First pitch had to be delayed two hours while thunderstorms passed through the area throughout the morning and into the early afternoon. The gloomy conditions left a muted atmosphere, and the LSU offense slumbered right along with it.
"It wasn't the most inspiring game of the weekend, that's for sure," said LSU coach Paul Mainieri.
After the first two batters of the game, it seemed LSU was in line for another offensive outburst in line with the previous two games, in which LSU had scored 24 runs against Virginia Tech and Toledo. Chris Sciambra started it off with a leadoff double, followed by a RBI single by Danny Zardon that gave the Tigers an early 1-0 lead.
But LSU would go just 2-for-24 from the plate for the remainder of the game. Part of that came from facing an unusual pitcher in Devin Kanorik, who had a submarine delivery and barely threw harder than 70 m.p.h.
"Unfortunately it looked like we were sleepwalking out there, especially with the bats," Mainieri said. "Especially when you face an unorthodox pitcher. It was probably my fault for having so many right-handed hitters in the lineup. Agaist that type of pitcher, you want to stack your lineup with lefties, and I think we would have handled him a lot better."
LSU did take advantage of some mistakes by Kanorik though. He hit consecutive batters to open the fourth inning. After a pair of outs, Fraley turned on one and sent it deep over the right field bleachers to put the Tigers up four.
"He was throwing me inside coming into that," Fraley said. "I was expecting a fastball on the inside corner. His pitch was flat and he left it up. He kept it inside and I was able to get my barrel on it."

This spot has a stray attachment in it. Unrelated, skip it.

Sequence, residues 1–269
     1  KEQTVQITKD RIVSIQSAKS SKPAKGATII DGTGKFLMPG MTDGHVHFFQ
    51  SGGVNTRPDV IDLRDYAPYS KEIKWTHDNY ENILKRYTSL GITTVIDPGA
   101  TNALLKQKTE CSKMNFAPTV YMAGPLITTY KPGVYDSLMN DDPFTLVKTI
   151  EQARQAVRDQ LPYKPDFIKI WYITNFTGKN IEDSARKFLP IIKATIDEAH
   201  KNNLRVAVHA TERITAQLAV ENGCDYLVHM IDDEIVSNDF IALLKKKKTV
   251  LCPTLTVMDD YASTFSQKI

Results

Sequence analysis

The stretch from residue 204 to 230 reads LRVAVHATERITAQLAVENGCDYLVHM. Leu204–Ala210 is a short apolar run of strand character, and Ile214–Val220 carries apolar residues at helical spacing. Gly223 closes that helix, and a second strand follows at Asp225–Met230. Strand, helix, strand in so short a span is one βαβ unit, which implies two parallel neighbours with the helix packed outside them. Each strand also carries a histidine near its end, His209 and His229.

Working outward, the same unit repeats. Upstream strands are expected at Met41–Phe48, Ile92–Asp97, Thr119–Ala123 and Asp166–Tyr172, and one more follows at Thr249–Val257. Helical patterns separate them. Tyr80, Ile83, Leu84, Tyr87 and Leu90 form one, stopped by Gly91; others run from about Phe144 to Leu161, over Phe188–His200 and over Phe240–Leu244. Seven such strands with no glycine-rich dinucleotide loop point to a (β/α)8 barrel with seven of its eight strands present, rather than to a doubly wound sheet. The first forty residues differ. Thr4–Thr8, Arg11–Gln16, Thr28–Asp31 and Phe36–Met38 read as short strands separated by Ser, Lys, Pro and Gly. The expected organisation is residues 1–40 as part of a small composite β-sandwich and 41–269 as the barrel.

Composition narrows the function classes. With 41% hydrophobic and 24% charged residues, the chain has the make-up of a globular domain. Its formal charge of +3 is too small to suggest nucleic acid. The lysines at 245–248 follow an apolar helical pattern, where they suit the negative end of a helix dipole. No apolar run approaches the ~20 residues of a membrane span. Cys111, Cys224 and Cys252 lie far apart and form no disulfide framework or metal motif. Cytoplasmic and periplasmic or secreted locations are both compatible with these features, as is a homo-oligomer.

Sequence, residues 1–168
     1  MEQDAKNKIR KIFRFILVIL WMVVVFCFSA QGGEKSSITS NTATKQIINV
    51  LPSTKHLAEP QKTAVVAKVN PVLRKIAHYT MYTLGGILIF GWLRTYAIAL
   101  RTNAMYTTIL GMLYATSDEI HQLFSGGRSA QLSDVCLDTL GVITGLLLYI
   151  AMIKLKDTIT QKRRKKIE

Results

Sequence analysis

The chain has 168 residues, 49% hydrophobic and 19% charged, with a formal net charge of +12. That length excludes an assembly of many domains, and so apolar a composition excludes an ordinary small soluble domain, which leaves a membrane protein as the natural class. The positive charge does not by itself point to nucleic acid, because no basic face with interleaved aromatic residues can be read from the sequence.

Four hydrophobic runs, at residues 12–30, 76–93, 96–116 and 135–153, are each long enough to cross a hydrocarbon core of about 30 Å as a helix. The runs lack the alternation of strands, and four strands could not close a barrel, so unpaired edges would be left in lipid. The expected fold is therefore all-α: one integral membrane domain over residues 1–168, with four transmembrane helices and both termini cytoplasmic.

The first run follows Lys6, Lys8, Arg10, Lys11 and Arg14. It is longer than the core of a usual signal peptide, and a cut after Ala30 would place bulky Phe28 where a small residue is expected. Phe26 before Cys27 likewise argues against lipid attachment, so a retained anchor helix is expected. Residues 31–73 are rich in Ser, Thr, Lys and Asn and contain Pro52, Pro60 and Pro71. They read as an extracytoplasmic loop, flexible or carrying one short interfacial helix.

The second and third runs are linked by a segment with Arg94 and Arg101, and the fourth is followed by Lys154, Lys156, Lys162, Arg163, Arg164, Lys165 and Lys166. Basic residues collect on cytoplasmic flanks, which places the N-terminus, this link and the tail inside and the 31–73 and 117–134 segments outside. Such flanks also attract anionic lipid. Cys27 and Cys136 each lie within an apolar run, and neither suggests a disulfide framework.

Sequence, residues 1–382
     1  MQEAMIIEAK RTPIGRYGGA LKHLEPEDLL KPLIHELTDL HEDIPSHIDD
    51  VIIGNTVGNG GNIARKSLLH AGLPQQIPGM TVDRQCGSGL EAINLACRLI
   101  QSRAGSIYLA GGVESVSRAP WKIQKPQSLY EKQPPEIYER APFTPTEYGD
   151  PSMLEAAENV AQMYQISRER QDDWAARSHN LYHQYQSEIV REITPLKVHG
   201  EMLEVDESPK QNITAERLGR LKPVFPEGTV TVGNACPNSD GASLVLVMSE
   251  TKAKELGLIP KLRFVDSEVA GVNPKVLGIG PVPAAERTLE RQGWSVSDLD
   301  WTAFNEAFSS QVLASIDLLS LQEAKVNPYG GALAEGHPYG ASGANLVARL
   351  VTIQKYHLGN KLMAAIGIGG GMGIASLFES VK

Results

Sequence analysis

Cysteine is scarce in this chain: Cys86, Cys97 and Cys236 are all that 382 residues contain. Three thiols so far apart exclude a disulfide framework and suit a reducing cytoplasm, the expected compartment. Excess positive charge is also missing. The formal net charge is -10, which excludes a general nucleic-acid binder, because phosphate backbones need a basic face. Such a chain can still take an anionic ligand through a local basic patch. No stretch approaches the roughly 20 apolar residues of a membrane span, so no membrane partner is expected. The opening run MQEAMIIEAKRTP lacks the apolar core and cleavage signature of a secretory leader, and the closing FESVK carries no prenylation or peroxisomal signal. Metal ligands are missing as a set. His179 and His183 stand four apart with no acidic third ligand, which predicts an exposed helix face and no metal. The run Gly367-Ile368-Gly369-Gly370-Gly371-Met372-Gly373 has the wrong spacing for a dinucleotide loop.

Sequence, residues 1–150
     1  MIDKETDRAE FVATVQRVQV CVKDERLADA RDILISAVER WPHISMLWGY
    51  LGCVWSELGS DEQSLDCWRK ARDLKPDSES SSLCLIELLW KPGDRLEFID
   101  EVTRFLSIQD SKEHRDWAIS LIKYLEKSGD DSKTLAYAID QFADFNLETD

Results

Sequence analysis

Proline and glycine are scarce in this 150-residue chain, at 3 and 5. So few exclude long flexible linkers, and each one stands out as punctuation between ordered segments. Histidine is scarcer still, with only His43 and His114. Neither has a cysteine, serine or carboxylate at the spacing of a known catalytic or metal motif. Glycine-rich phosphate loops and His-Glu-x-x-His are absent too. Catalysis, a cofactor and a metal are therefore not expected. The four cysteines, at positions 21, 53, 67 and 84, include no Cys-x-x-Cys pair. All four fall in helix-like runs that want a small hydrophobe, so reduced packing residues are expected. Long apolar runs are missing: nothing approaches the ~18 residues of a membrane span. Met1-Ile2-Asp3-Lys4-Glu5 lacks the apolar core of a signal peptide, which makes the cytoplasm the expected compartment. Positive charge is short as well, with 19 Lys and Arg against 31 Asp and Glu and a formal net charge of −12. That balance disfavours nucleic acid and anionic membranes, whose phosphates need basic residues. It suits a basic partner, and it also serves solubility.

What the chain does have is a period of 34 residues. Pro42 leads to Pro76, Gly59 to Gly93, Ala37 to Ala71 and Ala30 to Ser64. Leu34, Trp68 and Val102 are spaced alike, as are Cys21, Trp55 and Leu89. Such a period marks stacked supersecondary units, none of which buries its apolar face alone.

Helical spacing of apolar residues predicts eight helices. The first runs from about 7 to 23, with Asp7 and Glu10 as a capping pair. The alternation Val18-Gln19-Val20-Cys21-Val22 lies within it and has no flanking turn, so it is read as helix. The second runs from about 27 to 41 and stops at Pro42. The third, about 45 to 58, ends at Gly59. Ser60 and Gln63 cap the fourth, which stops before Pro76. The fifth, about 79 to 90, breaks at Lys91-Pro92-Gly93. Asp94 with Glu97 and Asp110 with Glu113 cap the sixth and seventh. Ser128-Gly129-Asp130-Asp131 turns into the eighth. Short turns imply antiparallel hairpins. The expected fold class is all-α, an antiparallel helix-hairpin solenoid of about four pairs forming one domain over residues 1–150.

The Tigers didn't need much run production as the LSU pitchers mostly held TSU at bay throughout the game. Jared Poche only surrendered two hits in the first six innings and allowed just one base runner to reach second in that span.
"It feels great to get the W like that," Poche said. "All three of my pitches [were working]. My curveball wasn't working as well as I'd like it, but later in the game it started to get back to where it should be."
Poche did run into some trouble in the seventh. The leadoff man doubled to right field and eventually stole third with two outs. TSU 2B Chris DeLeon drove him home with a single to left field, but Poche struck out the next batter to escape the inning without much damage.
"Whenever I get runners on base, I just try to bare down a little bit more and do what I can to get the out," Poche said. "It's baseball and things like that happen, but I was just fortunate to get the next guy."
From there it was up to the bullpen, and the Tigers had to work out of another jam in the eighth. Brady Domangue, who had a rough appearance last weekend, couldn't find much success Sunday either. He hit the first batter he faced, then allowed a single before getting pulled for Parker Bugg.
TSU bunted both runners into scoring position, but Bugg managed to strike out the next two to end the inning unscathed. Bugg's had quite the start to his LSU career, striking out seven in his first three innings.
"I just wanted to pound the zone and not give them any free passes," Bugg said. "I was just trying to throw strikes and it worked out…It's always nice to get out of there without giving up any runs."
Joe Broussard and Kurt McCune combined to get the final three outs in the ninth to give LSU its seventh win in as many games.
The Tigers will return to action Tuesday at home against Louisiana-Lafayette. First pitch is set for 6:30 p.m., and Cody Glenn will take the mound for LSU.